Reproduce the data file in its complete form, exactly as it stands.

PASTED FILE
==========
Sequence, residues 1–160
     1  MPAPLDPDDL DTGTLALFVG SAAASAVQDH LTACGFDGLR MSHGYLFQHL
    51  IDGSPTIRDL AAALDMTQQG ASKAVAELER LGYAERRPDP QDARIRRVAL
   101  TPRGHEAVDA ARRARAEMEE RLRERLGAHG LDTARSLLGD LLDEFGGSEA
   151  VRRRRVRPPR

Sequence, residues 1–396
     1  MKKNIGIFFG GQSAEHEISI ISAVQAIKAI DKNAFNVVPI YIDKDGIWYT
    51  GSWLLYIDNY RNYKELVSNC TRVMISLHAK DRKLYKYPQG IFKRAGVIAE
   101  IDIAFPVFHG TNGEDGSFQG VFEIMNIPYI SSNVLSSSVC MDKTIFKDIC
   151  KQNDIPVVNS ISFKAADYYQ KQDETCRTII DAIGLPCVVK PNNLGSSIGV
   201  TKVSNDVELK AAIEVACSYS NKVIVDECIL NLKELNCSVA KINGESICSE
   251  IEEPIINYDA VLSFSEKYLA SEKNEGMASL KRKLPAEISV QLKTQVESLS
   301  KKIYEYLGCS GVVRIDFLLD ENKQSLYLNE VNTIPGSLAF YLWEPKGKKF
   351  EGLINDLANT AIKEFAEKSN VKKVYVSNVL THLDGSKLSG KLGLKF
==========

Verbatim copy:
Sequence, residues 1–160
     1  MPAPLDPDDL DTGTLALFVG SAAASAVQDH LTACGFDGLR MSHGYLFQHL
    51  IDGSPTIRDL AAALDMTQQG ASKAVAELER LGYAERRPDP QDARIRRVAL
   101  TPRGHEAVDA ARRARAEMEE RLRERLGAHG LDTARSLLGD LLDEFGGSEA
   151  VRRRRVRPPR

Sequence, residues 1–396
     1  MKKNIGIFFG GQSAEHEISI ISAVQAIKAI DKNAFNVVPI YIDKDGIWYT
    51  GSWLLYIDNY RNYKELVSNC TRVMISLHAK DRKLYKYPQG IFKRAGVIAE
   101  IDIAFPVFHG TNGEDGSFQG VFEIMNIPYI SSNVLSSSVC MDKTIFKDIC
   151  KQNDIPVVNS ISFKAADYYQ KQDETCRTII DAIGLPCVVK PNNLGSSIGV
   201  TKVSNDVELK AAIEVACSYS NKVIVDECIL NLKELNCSVA KINGESICSE
   251  IEEPIINYDA VLSFSEKYLA SEKNEGMASL KRKLPAEISV QLKTQVESLS
   301  KKIYEYLGCS GVVRIDFLLD ENKQSLYLNE VNTIPGSLAF YLWEPKGKKF
   351  EGLINDLANT AIKEFAEKSN VKKVYVSNVL THLDGSKLSG KLGLKF